EchoRight Pro app aims to speed pulmonary hypertension diagnosis

Game-style use of real-world echocardiography cases to teach signs of PH

Margarida Maia, PhD avatar

by Margarida Maia, PhD |

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A new game-style app aims to help doctors and medical imaging technicians learn to better identify signs of pulmonary hypertension (PH) on an echocardiogram, an ultrasound image of the heart.

Called EchoRight Pro and developed by Janssen, the free app is available from Apple’s App Store or Android’s Google Play. It’s intended for use by cardiologists, echocardiographers, and sonographers.

While not a diagnostic tool, the app can be an educational resource for doctors in making a timely diagnosis of PH and moving patients onto treatment as soon as possible.

“The scientific community has a wealth of clinical data that points to the positive impact of earlier treatment initiation on patient outcomes,” Sean Studer, MD, vice president of medical affairs at Janssen, said in an email response to Pulmonary Hypertension News.

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Diagnosing PH can take time because its symptoms often develop over a long period and are similar to those of other heart and lung conditions.

PH is due to a narrowing of the arteries that carry blood from the right side of the heart to the lungs, causing a rise in blood pressure that can overtax the heart. Its first symptoms are often subtle and can include shortness of breath, tiredness, chest pain, and swelling in the legs and ankles.

An echocardiogram is “arguably the most important non-invasive screening tool” for PH, raising a suspicion of the disease that can lead to more definitive diagnostic tests like right heart catheterization, Studer said.

The same goes for pulmonary arterial hypertension (PAH), one of the five types of PH.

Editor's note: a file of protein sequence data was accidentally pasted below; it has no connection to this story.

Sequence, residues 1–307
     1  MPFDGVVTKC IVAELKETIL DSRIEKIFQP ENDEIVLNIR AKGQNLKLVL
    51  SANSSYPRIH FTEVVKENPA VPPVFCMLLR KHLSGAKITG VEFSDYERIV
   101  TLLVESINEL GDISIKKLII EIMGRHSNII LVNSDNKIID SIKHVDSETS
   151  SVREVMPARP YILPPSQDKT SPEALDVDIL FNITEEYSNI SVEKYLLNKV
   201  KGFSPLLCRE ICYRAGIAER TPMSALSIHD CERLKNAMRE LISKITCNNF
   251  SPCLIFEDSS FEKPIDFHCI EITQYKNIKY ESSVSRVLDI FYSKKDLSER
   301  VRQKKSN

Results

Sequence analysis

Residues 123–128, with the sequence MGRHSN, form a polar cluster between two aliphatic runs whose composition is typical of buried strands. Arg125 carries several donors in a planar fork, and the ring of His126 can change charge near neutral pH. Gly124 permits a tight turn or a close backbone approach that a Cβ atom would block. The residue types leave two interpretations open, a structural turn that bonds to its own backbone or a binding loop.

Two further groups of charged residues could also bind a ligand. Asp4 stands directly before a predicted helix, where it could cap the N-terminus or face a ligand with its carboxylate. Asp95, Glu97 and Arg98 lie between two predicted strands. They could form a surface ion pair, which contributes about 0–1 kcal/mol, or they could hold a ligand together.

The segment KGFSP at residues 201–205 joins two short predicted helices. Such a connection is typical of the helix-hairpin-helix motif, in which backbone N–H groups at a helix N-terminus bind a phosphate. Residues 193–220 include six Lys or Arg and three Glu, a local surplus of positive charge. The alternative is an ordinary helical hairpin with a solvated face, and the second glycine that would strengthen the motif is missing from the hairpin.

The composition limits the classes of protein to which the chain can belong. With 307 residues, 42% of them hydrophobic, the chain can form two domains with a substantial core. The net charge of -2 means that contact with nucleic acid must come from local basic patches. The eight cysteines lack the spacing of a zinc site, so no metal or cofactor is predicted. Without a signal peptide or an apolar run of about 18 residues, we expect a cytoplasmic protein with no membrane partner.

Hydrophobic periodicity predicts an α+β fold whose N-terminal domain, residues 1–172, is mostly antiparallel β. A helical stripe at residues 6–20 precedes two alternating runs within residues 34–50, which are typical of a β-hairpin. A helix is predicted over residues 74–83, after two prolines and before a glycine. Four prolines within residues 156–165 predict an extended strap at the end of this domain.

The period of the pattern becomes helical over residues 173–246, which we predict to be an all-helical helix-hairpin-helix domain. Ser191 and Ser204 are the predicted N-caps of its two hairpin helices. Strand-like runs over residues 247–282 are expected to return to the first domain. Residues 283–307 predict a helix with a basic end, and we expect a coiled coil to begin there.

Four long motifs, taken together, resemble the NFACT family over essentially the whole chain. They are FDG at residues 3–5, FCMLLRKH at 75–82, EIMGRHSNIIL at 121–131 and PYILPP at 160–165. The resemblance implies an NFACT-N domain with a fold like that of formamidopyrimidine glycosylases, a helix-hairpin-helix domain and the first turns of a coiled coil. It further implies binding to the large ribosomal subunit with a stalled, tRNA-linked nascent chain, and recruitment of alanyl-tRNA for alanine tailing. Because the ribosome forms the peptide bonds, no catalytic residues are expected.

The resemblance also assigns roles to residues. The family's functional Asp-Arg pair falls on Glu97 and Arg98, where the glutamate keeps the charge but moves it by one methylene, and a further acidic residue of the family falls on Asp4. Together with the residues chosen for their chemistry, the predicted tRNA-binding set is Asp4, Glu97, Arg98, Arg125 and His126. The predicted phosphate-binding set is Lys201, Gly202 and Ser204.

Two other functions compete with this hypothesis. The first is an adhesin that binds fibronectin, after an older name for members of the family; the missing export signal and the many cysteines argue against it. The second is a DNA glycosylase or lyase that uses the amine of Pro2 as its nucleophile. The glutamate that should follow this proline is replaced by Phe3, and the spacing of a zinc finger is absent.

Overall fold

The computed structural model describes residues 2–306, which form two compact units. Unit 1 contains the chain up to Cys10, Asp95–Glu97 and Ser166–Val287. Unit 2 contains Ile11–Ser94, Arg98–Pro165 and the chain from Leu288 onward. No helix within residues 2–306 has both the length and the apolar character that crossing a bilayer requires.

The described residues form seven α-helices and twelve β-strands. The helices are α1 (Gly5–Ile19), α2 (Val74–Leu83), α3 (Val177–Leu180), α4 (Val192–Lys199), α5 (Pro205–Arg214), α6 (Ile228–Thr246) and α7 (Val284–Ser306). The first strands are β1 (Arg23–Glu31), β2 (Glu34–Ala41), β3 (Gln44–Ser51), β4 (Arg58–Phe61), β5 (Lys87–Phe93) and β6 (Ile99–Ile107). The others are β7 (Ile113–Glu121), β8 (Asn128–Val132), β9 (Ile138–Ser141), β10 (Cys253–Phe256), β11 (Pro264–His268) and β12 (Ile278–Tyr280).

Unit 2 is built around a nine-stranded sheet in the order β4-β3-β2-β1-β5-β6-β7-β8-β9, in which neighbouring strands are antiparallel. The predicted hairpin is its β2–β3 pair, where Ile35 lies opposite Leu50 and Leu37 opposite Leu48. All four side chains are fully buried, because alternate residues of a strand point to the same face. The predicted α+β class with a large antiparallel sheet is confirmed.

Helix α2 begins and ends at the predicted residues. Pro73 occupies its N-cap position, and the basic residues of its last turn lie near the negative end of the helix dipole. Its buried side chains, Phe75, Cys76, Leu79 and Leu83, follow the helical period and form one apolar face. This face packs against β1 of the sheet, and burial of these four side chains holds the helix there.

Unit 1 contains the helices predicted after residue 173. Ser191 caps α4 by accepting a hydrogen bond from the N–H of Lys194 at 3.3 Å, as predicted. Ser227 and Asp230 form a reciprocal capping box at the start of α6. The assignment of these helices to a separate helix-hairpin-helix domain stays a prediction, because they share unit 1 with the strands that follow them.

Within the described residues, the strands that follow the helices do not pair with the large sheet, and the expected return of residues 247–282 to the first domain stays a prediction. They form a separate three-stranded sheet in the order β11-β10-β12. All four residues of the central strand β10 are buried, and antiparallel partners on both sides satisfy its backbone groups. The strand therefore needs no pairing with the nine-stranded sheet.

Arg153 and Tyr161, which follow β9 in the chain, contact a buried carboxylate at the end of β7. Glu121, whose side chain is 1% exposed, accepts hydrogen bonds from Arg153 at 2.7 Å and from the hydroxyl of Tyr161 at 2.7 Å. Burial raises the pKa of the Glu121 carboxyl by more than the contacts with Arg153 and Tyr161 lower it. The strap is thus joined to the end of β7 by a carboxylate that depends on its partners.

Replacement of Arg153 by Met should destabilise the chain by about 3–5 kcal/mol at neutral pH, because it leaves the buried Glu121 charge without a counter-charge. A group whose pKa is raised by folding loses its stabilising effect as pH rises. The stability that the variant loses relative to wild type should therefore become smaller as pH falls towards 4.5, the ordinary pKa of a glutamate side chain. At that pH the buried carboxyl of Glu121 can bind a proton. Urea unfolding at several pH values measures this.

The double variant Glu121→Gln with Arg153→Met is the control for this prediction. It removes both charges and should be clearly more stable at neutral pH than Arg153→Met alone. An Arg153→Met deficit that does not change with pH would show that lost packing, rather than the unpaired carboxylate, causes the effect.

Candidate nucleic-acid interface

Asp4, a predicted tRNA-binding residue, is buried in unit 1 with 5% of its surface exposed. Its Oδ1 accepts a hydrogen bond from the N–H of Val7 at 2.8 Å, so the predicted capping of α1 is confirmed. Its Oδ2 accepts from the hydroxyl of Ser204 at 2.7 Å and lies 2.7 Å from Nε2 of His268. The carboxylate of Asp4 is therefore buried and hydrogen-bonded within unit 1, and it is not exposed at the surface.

Delays in a timely taking of diagnostic steps, however, are common.

“We are still not where we need to be when patients with PAH go undiagnosed for an average of two to three years following initial visits with physicians in which they discuss symptoms,” he said. “Far too many patients have already progressed to the most advanced stages of PAH when initially diagnosed.”

For Studer, this could be because doctors “may have received little formal education regarding PH and also had limited real-world experience given that this is a rare disease.” Their focus tends to be more on ”left heart parameters.”

“What’s more, due to the complex anatomy of the right ventricle [one of the heart’s bottom chambers], studies show a gap between recommended approaches to echocardiographic assessment of right ventricular function and actual real-world clinical practices,” he added.

For all these reasons, “it is critical that healthcare professionals become familiar with the current guidelines for using echocardiograms to evaluate the probability of PH, which is an important step in the diagnosis of PAH, and to gain experience applying up-to-date, standardized assessment methods,” Studer said.

EchoRight Pro, created to give such knowledge to healthcare professionals, draws on nearly 100 real-world clinical scenarios put together by four PH experts in France.

After reviewing a clinical case whose audio and video clips come from a real-world echocardiogram, app users are challenged with game-style questions to evaluate the probability of PH based on a combination of eight echocardiogram signs.

Answers are scored, and users can progress through a series of cases of increasing difficulty stored on an interactive library, according to a video on the app’s website.

“The app also provides instant feedback and connects [healthcare professionals] with additional resources to continue learning about the recommended PH treatment guidelines for each scenario,” Studer said. Users gain “valuable exposure to echocardiography outputs and diagnostic insight across a broad spectrum of cases.”

One professional, who Studer identified as a “key opinion leader,” considered EchoRight Pro “a great teaching tool, especially for residents and fellows since they don’t get formal training on how to interpret echocardiography [images] to assess probability of PH.”

Janssen reports that EchoRight Pro is currently being used by more than 3,000 healthcare professionals in nearly 50 countries.

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